nep-afr New Economics Papers
on Africa
Issue of 2015‒12‒08
four papers chosen by
Sam Sarpong
The University of Mines and Technology

  1. FOREIGN AID AND ECONOMIC GROWTH IN SUB-SAHARAN AFRICA By Lauren Tait; Abu Siddique; Ishita Chatterjee
  2. Structural and institutional determinants of investment activity in Africa By Chuku, Chuku; Onye, Kenneth; Ajah, Hycent
  3. Debt Sustainability in Sub-Saharan Africa: Unraveling Country-Specific Risks By Bill Battaile; F. Leonardo Hernández; Vivian Norambuena
  4. Reducing prejudice through actual and imagined contact: A field experiment with Malawian shopkeepers and Chinese immigrants By Gu, Jun; Mueller, Annika; Nielsen, Ingrid; Shachat, Jason; Smyth, Russell

  1. By: Lauren Tait (Business School, University of Western Australia); Abu Siddique (Business School, University of Western Australia); Ishita Chatterjee (Business School, University of Western Australia)
    Abstract: Since the end of the Second World War, developing countries have been the recipient of significant amounts of foreign aid, provided mainly with the aim of easing poverty and promoting economic growth and development. Sub-Saharan Africa, a region of forty-eight countries with a combined population of over nine hundred million as of 2013, has consistently been one of the largest recipients of foreign aid. For example, in 2012, the region received a share of over twenty five per cent of total world aid. As such, the effectiveness of aid in Sub-Saharan Africa is of particular interest to researchers and both donor and recipient countries alike. The main objective of this study is to empirically examine the impact of foreign aid on this region over the period 1970 to 2012, through fixed effect panel data analysis. A sample of twenty-five Sub-Saharan African countries is considered in the study. The findings of the study indicate that aid has a significant positive long-term impact on per capita GDP growth over the period under consideration. This significant positive effect of aid is not subject to diminishing marginal returns, nor is conditional on the level of freedom in the country. Furthermore, upon sectoral decomposition of aid commitments, certain sectors are identified as having a more significant impact on growth over the sub-period 1995 to 2012. Aid designated for social infrastructure, in particular education and health, and general budget support has a positive, significant impact on growth. Given the shorter time frame, these results are not as robust as those for the 1970 to 2012 period, but nonetheless provide a unique insight into the effect of sector-earmarked aid on growth in Sub-Saharan Africa, as well as guidance for aid allocation policy-makers.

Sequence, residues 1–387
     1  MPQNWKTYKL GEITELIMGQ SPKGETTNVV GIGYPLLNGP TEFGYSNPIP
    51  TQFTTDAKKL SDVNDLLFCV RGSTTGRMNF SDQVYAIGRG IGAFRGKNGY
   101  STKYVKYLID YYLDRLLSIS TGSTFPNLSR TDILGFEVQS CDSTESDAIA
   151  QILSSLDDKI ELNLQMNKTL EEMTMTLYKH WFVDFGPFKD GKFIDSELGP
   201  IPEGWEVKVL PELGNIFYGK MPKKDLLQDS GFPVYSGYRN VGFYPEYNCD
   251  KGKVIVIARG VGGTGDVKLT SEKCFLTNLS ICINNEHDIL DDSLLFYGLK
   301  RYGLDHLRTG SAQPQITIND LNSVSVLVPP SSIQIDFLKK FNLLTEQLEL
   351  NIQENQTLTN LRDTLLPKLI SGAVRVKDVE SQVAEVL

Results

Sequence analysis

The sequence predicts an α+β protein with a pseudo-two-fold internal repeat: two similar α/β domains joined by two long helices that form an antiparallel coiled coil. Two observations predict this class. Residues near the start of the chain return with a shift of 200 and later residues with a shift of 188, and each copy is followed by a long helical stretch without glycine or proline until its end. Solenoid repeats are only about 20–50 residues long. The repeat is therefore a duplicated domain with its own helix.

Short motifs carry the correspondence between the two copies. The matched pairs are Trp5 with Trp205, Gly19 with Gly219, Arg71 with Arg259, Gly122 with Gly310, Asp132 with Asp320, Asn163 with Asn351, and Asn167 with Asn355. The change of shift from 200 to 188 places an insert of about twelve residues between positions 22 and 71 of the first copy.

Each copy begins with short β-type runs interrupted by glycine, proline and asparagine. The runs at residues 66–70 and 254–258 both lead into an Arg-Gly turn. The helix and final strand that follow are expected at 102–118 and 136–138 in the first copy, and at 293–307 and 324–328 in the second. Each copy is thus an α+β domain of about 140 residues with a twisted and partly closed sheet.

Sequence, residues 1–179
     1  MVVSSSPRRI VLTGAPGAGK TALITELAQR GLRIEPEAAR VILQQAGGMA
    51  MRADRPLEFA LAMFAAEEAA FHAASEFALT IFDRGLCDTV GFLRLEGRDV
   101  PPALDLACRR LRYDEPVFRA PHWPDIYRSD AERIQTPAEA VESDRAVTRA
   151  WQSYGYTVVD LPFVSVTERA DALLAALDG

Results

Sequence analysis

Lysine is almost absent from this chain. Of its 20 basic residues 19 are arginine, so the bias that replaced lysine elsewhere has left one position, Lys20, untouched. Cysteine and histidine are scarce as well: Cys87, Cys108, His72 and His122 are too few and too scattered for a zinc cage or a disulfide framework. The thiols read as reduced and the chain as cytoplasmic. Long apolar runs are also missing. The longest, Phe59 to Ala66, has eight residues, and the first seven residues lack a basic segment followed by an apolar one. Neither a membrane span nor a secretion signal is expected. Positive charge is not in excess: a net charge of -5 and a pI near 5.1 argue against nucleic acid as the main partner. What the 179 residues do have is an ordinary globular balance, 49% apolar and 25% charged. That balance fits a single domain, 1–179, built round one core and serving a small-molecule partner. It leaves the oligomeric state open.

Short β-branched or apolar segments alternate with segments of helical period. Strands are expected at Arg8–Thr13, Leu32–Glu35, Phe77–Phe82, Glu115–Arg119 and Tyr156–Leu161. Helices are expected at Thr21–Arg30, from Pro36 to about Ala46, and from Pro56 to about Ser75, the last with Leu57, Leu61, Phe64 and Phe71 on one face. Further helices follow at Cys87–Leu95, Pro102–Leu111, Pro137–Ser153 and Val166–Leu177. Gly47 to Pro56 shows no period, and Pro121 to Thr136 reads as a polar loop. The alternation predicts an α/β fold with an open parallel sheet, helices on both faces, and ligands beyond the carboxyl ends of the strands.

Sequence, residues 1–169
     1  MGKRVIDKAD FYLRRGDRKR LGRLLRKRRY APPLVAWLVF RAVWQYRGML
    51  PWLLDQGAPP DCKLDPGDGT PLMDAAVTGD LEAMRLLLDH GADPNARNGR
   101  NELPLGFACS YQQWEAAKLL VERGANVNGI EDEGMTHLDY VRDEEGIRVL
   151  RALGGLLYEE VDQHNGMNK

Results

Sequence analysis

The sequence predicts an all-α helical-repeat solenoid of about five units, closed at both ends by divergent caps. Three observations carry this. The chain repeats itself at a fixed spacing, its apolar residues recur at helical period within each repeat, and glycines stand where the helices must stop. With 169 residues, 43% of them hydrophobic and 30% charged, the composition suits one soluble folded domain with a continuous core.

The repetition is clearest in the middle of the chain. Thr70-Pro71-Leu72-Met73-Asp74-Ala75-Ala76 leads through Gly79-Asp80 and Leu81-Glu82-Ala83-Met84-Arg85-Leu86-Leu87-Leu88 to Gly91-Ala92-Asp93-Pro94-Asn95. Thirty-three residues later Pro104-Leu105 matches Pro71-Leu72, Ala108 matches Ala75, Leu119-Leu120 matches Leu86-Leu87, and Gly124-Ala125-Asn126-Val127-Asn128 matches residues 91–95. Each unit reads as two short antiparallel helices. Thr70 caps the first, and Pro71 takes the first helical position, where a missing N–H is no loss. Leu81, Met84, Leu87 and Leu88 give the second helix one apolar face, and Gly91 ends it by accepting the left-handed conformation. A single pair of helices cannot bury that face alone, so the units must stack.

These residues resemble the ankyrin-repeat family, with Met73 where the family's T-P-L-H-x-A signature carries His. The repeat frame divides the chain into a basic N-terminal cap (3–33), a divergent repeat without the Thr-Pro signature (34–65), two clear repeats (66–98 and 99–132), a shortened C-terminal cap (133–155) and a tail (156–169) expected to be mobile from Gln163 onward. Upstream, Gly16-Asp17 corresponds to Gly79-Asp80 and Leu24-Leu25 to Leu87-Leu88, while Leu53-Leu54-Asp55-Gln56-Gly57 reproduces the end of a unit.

Date: 2015
  2. By: Chuku, Chuku; Onye, Kenneth; Ajah, Hycent
    Abstract: This paper considers the structural and institutional determinants of investment activity in selected African countries within a neoclassical framework. Generalized method of moments and a family of panel data estimation techniques are utilized in addition to nonparametric kernel regression techniques to uncover the relationship. Three main findings emerge; (i) financial openness and institutional quality are reasonably robust structural and institutional determinants of investment activity in Africa respectively, (ii) there is evidence of nonlinearity in the relationship and there exist a threshold level of financial openness that achieves the highest level of investment, (iii) using interaction terms, the inhibiting effect of financial openness is potentially less in countries with higher levels of institutional quality, (iv) promoting institutional quality is an effective policy towards facilitating investment activity in Africa.